I was determined to pursue an injunction to show to my staff that I felt strongly that the risk of media reporting on the document once it was leaked put the ability for staff to report in a free and frank manner in jeopardy.

    Not only that, having the contents of the plan reported on without detailed knowledge of our operations could be misleading. This has already occurred with misleading reports of asset decline and safety risks.

    This is simply not the case and illustrates why a document like this was not meant for public consumption. While I understand that the public have an interest in our operations as a state owned enterprise the detailed nature of the planning document can easily be taken out of context by anyone without a detailed understanding of our business.

    Just like any other business, KiwiRail has to make calls around priorities when managing our assets and use our money prudently. We have a 30 year task ahead and need to balance our priorities according to the needs of safety followed by our market needs.

    And, as we have previously and repeatedly said, over the short-term we are spending less than we had originally planned to spend, but we are still investing far more in rail than we have in decades. Over recent years we have invested to improve the network and suggestions that it will return to the state it was in 10 years ago have no basis at all. Furthermore over the next three years, we will still invest $1 billion in the business, with a significant amount going directly on the network.

    The planning document was leaked through a breach of confidence, this is a very serious matter that I am extremely concerned by and will be pursuing.

    The nature of the document being leaked in this fashion has given it a greater profile that it should have. As such I believe that it is now in our interest to release it and provide the public with the necessary context to its content.

    I will be outlining this at a press conference this afternoon.

    The document and a guide to its contents is available on this link –
    http://www.kiwirail.co.nz/uploads/Publications/Infrastructure%20and%20Engineering%20Business%20Plan%202013-2015.pdf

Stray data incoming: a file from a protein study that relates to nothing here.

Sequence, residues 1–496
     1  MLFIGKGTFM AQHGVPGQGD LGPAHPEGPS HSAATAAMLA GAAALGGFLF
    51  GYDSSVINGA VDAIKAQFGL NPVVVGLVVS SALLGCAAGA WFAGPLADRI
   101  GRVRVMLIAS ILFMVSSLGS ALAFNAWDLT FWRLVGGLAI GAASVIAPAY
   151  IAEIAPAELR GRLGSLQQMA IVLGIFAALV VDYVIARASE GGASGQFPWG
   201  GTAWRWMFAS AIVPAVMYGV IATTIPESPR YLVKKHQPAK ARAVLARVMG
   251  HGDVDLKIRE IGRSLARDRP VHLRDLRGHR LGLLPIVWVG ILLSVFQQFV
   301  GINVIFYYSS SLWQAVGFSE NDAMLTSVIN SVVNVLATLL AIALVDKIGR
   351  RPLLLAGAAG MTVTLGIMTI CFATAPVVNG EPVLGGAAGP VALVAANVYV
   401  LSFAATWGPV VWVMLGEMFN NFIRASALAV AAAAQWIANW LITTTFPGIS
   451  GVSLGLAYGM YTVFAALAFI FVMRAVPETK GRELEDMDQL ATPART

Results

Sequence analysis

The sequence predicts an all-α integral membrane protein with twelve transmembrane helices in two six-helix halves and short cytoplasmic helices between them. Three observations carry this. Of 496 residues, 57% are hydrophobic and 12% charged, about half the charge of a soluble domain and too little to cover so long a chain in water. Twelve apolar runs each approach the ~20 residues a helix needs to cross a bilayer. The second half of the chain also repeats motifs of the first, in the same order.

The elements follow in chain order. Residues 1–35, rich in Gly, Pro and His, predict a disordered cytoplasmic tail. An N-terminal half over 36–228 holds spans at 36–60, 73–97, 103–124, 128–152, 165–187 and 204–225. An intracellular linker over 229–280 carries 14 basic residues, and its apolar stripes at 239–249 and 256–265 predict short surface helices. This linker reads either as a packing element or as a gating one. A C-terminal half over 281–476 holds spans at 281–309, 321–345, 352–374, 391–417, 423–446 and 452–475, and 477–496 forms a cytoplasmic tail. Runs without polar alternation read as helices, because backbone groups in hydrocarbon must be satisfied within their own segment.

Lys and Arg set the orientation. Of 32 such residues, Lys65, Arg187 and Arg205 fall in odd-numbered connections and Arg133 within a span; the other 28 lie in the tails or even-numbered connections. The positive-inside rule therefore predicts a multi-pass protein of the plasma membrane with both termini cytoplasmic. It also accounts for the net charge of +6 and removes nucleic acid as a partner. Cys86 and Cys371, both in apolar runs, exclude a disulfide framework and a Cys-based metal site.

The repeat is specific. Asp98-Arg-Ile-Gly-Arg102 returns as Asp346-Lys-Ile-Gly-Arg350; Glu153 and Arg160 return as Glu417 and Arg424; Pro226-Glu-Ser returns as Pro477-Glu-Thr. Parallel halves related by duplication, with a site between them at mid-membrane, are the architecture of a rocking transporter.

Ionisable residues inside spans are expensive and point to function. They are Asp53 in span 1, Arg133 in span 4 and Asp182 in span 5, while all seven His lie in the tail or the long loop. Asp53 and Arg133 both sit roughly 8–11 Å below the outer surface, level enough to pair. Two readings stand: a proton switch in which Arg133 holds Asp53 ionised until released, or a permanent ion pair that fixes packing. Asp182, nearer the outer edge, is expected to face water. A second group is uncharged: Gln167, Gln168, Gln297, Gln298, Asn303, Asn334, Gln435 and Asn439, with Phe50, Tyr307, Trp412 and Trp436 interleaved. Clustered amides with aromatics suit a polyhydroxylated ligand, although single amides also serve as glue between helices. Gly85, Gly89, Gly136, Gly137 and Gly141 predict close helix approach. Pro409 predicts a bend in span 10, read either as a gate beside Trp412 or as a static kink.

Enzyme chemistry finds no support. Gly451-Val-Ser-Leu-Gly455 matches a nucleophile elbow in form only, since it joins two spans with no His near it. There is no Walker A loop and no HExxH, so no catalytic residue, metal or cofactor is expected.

ENDS

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  20. ross69 (3,637 comments) says:

    > Now we are being sucked in for a further $750 million

    But Gerry says he’s an intelligent guy…are you saying he is grossly mismanaging taxpayers’ money? That seems to be what you’re saying.

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  21. thedavincimode (6,102 comments) says:

    ross69, just fuckoff.

    There are two options. Stick it on Trademe for $1 and write off the money that Kullen lied about not spending as part of his wastrel pre-electioneering. Or spend more to make something of. Personally, I’d prefer they just threw the whole fucking lot in the tide. But there is no escaping that you evil fucking pricks brought this on by paying through the nose for this crock of shit for purely political purposes and lied about the cost; just like WFF and making student loans interest-free. So just fuck off you thieving lying little prick.

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  22. Keeping Stock (9,786 comments) says:

    @ thedavincimode (2.55pm) – why don’t you tell us what you REALLY think :P

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  23. Ross12 (925 comments) says:

    Mr Nobody NZ —thanks for that background detail . It is very enlightening reading.

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  24. backster (2,000 comments) says:

    I don’t understand why Labour can make such a fuss over the ACC failing to keep the names of some claimants anonymous by mistakenly sending an email to some malcontents not entitled to it, yet they deliberately and contemptuously publish illegally obtained copies of a confidential business report prepared by KiwiRail and distribute it to all their media stooges.

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  25. campit (438 comments) says:

    At that time the decision was leaning heavily towards the Chinese suppliers

    That would be the suppliers that Pansy Wong’s husband went to see in Dalian, funded by the tax payer.

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  26. campit (438 comments) says:

    @Mr Nobody, also worth remembering the Labour Government buying the access to the Auckland rail track from Toll on behalf of the ARC for $81m, announced on Christmas eve 2001, largely to allow passenger rail services to run.

    Fast forward to the present day, and now the Auckland region pays about $20m annually in track access fees to Kiwirail. Funny old world, innit?

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  27. Mr Nobody NZ (396 comments) says:

    Campit:- “That would be the suppliers that Pansy Wong’s husband went to see in Dalian, funded by the tax payer.”

    Yes though I believe you’re barking up the wrong tree as the visit by Sammy Wong to CNR (who won the contract) was in 2005 when the company was still owned by Toll and the Labour party in power.

    You could perhaps argue that Toll was political due to the donation that they made to the National party in 2008 ($10k from memory) however it worth noting that they also made matching donation to the Labour party and I believe also to several smaller parties. As for direct contact with National I don’t recall ever seeing anybody from the National Party visiting however we were visited by Helen Clark and several other Labour Ministers/MP’s fairly regularly while I was there.

    If you want to look for conspiracies though I would suggest having a close look at the Board Membership and Shareholdings of Toll’s competitors for some interesting links back to the Labour party along with the locations of where the initial announcements in particular the that delayed a key freight train for over 2 hours to allow for photo opportunities with Labour Ministers.